# How to interpret a 1D-DFT of an image with a sinus grating/gradient compared to its 2D-DFT outcome?

For getting a better and more intuitive understanding on how the 2D-DFT works I was playing around with sinus gratings in grayscale. I tried to compute the 1D-FFT first and compare it with the 2D-DFT to get a better sense of my happens.

So I would like to understand how the result of the 1D-DFT can be intrepreted and how this applies on my simple example. Then this knowledge should be transferred on how the 2D-DFT produces the shown outcome as well.

As far as my understanding goes the the 2D-DFT will do a FFT on the columns first and then on the rows.

So this is my code:

import numpy as np
import matplotlib.pyplot as plt

x = np.arange(-500, 501, 1)
X, Y = np.meshgrid(x, x)
wavelength = 100
angle = np.pi

grating = np.sin(2*np.pi*(X*np.cos(angle) + Y*np.sin(angle)) / wavelength)

plt.set_cmap("gray")
plt.subplot(131)
plt.imshow(grating)

oned_dft =  np.fft.fft(grating)
plt.subplot(132)

plt.imshow(np.log(abs(oned_dft)))

ft = np.fft.fft2(grating)
ft = np.fft.fftshift(ft)
plt.subplot(133)
plt.imshow(abs(ft))
plt.xlim([480, 520])
plt.ylim([520, 480])

plt.show()


I noticed that it's useful to start with angle = np.pi, since numpy doc on fft state that it will run the fft on the last axis which will a column wise operation and now the sine grating will go along the columns.

It gives the following result: When you make the image bigger you will see two straight lines along the edges and the values are decreasing column wise towards the edges and the middle.

When trying to use slightly bigger angle like angle = np.pi + 0.1 the following happens for plotting plt.imshow(np.log(abs(oned_dft))) The lines along the rows increase when angle gets bigger, e.g. for angle = np.pi + 0.5: It seems like the frequencies along the rows are producing further rotation of the points along the radial axis in the 2D-DFT.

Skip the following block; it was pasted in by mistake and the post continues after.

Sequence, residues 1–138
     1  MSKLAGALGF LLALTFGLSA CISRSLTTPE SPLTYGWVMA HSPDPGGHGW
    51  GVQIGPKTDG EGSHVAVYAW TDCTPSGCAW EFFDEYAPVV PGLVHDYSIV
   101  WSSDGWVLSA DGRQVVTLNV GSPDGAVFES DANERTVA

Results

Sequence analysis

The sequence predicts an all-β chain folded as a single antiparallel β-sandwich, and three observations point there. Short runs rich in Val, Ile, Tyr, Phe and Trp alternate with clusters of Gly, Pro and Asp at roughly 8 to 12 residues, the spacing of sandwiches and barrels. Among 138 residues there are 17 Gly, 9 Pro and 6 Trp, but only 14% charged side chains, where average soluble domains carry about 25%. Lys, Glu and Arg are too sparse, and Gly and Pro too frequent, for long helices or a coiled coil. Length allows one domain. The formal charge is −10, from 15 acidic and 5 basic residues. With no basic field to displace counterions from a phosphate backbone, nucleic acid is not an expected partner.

How can I interpret these results? What is the underlying intuition here?

The 1D discrete Fourier transform (DFT) is defined as:

$$F(k)=\sum_{n=0}^{N-1}x[n]e^{-j2 \pi k n /N}$$

For periodic signals that have an integer number of periods in the $$N$$ samples of $$x[n]$$, a single value of $$F(k)$$ will be non-zero. This is because of the orthogonality property of the DFT. For simplicity, initially consider a complex sinusoid that oscillates with an angular frequency $$2\pi k_0/N$$ where $$k_0$$ is an integer (thus forcing it to have an integer number of periods).

$$x[n]=Ae^{j2\pi k_0 n/N}$$

The discrete Fourier transform will multiply this signal $$x[n]$$ by a bunch of complex sinusoids with different $$k$$ values, usually $$k=[0,1,2,...,N-1]$$.

$$F(k)=\sum_{n=0}^{N-1}(Ae^{j2\pi k_0 n/N})e^{-j2 \pi k n /N}$$ $$F(k)=A\sum_{n=0}^{N-1}e^{j2\pi (k_0-k)n/N}$$ From the DFT's clever construction, the orthogonality property means that $$k_0\ne k:\sum_{n=0}^{N-1}e^{j2\pi(k_0-k)n/N}=\frac{1-e^{j2\pi (k_0-k)}}{1-e^{j2\pi (k_0-k)/N}}=0$$ and $$k_0=k:\sum_{n=0}^{N-1}e^{j2\pi(k_0-k)n/N}=\sum_{n=0}^{N-1}e^{0}=N$$ Our signal only shows up in a single DFT bin where $$k=k_0$$! Therefore, the DFT of our complex sinusoid is $$F(k)=A\sum_{n=0}^{N-1}e^{j2\pi (k_0-k)n/N}=AN\delta(k_0-k)$$ where $$\delta$$ is the Kronecker delta function. If we had instead selected a real function, such as cosine, we can turn it into a sum of exponential terms by its definition.

$$x[n]=\cos(2\pi k_0n/N)=\frac{e^{j2\pi k_0n/N}+e^{-j2\pi k_0n/N}}{2}$$